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Dr Ruth Hussey outlines the steps the nation needs to take to address the population’s health problems
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- Action needed to tackle our growing waistlines- Chief Medical Officer
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Written - Permitted Development Rights for Householder Microgeneration
In the Climate Change Written Cabinet Statement, published on 13th December 2006, I signalled my intention to introduce permitted development rights, at the earliest opportunity, to allow householders to install domestic microgeneration equipment. In pursuit of my policy initiative the Assembly Government supported Michael German`s motion relating to the installation, alteration or replacement of micro-generation technologies in or on a dwelling house which was approved in Plenary on 17 January 2007 (NDM3399). This Cabinet Written Statement describes in more detail the issues and process that will be followed to bring forward appropriate secondary legislation.
As part of the evidence base for the new permitted development rights the Assembly Government jointly commissioned research with Communities and Local Government. The research has reviewed the existing provisions of the General Permitted Development Order (GPDO) in relation to the installation of all microgeneration technology and their operation. The research also included recommendations on how the GDPO could be amended to facilitate the installation of microgeneration equipment, whilst ensuring that the amenity of neighbours and the wider community is not unacceptably compromised.
At the moment, with regard to solar and photovoltaic generation, much installation of those particular forms of energy is already covered under permitted development. A letter was sent to local authorities in 2003, and reiterated on 1 February 2006, stating that solar panels and photovoltaic panels that do not project significantly past a roof should normally be counted as permitted development. Similarly, heat exchangers and biomass boilers would normally be covered within permitted development. It is with regard to small wind turbines that my proposals would have greatest effect.
Assembly Government officials are currently considering how my policy initiative and the research recommendations can be translated into clear and concise secondary legislation. In drawing up the secondary legislation, a number of issues will need to be addressed. Whilst I want to ensure that the legislation is as permissive as we can reasonably make it, particularly where there is no impact beyond the host property, it is essential that the planning system continues to control development that unacceptably impacts upon others. The potential for impact will depend upon the technology employed. For example, domestic wind turbines and air source heat pumps, if inappropriately sited could have the potential to create noise and vibration nuisance at neighbouring properties. Similarly, underground pipework associated with ground source heat pumps have the potential to disturb archaeological remains. Cumulative visual impacts will also have to be considered.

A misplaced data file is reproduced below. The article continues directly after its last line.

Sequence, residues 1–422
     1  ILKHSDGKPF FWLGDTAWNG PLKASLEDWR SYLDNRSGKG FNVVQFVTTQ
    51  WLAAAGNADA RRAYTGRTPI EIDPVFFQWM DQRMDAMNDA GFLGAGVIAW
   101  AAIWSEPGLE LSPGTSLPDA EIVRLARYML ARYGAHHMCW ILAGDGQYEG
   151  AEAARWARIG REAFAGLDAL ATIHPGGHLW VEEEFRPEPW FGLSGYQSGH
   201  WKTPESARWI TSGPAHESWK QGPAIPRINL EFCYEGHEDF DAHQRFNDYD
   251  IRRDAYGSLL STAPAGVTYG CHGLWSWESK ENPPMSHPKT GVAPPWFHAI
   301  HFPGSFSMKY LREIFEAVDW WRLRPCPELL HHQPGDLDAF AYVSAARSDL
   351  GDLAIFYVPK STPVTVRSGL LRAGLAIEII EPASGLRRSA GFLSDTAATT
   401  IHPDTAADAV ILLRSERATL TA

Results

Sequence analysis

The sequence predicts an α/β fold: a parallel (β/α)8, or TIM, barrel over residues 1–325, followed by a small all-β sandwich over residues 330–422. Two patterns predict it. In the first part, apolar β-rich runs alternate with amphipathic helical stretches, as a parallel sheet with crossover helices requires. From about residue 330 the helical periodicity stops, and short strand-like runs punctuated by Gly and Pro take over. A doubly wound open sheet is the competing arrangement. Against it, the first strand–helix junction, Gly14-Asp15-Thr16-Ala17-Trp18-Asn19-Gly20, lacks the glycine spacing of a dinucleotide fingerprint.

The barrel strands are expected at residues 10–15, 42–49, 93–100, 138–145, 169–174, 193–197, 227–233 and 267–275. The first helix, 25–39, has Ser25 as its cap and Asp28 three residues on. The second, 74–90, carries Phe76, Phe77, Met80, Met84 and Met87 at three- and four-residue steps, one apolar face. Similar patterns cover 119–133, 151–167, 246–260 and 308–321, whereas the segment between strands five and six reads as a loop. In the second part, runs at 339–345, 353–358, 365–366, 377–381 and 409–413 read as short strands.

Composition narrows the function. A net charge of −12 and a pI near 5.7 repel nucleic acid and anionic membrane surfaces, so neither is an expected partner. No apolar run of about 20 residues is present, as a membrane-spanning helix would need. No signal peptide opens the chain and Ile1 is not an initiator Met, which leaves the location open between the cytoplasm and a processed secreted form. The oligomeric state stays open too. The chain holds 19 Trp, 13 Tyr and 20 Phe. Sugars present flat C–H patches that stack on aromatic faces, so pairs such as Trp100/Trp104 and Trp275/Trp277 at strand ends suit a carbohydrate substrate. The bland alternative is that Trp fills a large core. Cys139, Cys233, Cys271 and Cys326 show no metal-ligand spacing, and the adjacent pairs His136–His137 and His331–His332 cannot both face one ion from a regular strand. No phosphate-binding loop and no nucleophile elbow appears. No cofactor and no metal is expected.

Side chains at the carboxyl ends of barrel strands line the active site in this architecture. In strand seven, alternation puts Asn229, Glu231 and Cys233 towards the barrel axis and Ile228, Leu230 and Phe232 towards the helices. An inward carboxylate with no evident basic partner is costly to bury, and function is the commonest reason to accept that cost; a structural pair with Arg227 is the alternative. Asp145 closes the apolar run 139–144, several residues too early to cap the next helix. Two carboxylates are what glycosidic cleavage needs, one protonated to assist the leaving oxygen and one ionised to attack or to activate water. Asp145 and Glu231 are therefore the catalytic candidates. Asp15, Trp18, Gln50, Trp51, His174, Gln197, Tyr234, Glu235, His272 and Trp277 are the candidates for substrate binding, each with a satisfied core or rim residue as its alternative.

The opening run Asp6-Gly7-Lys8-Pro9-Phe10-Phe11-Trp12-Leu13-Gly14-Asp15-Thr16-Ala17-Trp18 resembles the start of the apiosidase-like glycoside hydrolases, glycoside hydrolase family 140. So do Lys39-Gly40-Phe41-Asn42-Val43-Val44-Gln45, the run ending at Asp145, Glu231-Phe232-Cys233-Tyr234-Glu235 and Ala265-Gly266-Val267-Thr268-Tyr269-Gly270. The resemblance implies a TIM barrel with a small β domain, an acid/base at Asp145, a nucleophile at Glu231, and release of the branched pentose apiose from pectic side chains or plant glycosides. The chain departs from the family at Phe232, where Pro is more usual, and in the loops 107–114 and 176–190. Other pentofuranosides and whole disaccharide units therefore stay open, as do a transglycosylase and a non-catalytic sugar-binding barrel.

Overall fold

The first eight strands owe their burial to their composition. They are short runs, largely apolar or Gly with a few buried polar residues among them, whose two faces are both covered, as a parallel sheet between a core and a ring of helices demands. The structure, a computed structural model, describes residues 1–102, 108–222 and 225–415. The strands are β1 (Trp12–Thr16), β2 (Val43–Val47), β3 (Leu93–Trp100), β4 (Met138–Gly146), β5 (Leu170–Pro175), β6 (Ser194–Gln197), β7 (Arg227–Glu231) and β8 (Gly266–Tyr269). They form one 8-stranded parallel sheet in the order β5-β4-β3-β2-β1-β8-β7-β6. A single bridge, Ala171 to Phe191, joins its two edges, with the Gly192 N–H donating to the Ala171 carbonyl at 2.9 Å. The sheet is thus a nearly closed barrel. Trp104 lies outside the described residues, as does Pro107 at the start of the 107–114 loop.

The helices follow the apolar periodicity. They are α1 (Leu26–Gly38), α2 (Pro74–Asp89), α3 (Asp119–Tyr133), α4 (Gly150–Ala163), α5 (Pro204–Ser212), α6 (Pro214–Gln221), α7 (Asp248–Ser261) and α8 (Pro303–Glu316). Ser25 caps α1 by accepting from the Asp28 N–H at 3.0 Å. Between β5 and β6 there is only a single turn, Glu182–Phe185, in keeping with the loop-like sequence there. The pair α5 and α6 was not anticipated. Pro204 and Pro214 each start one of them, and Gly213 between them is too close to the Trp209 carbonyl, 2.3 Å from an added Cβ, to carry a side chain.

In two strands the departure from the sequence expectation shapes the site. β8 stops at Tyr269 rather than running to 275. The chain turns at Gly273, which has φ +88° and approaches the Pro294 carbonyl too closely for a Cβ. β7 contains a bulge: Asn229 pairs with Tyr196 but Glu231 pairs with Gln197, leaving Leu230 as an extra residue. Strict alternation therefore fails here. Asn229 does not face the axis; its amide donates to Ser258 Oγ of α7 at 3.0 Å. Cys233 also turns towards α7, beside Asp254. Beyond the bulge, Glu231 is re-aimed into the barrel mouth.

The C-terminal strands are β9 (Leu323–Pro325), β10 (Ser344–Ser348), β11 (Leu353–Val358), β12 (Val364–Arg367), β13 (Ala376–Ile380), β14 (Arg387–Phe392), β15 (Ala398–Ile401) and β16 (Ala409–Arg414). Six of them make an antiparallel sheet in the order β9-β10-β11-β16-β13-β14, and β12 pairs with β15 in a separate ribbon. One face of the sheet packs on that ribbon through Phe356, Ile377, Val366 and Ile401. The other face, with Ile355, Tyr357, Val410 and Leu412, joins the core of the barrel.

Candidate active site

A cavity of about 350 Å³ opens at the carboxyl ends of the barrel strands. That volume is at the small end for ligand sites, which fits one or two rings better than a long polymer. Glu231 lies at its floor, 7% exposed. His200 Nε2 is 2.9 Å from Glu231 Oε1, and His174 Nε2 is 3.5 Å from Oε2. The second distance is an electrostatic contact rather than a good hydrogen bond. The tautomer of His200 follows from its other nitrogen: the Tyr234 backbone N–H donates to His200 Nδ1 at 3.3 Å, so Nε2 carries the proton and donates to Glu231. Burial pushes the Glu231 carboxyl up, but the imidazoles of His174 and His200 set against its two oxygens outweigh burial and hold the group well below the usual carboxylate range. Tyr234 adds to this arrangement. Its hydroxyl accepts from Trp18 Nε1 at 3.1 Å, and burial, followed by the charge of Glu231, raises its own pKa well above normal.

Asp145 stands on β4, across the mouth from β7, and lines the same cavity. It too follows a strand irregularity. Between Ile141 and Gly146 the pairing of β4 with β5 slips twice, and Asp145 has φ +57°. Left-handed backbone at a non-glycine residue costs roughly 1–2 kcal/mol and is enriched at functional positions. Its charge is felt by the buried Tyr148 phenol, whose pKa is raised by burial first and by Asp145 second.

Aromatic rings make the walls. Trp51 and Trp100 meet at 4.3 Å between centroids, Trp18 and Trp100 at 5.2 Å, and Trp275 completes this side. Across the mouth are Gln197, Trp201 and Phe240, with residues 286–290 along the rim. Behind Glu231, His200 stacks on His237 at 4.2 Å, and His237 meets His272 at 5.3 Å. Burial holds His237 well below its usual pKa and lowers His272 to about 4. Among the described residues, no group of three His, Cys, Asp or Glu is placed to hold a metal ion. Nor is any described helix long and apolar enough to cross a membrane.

Current permitted development rights acknowledge the importance of protecting certain designated areas, including National Parks, areas of outstanding natural beauty and conservation areas. Within these sensitive areas permitted development rights are more limited. Given the compelling need to reduce Carbon emissions, I am minded at this stage not to propose additional limitations on permitted development rights for the installation of domestic microgeneration equipment in sensitive areas, with the possible exception of conservation areas. The installation of microgeneration equipment on a listed building will continue to require listed building consent.
The legislation will need to be sufficiently precise to give householders certainty over what is/is not permitted development for each technology, the size and scale of the permitted equipment, its location in relation to neighbouring properties and acceptable noise levels. There is also a need to accommodate new and emerging microgeneration technologies. We have to guard against householders being put off investing in the technology and the potential for neighbour disputes.
A consultation paper is being prepared that will issue early in the summer, subject to the agreement of the incoming Government. The consultation paper will include proposals for a new part of the GDPO that will deal specifically with the installation of domestic microgeneration equipment. A draft householder guide to the installation of domestic microgeneration equipment will be issued for consultation at the same time. Any changes to be introduced, as a result of the consultation, will require amendments to secondary legislation, later this year. It is also my intention to explore the scope for similarly changing the permitted development rights for non-domestic buildings. This proposal would similarly be subject to consultation.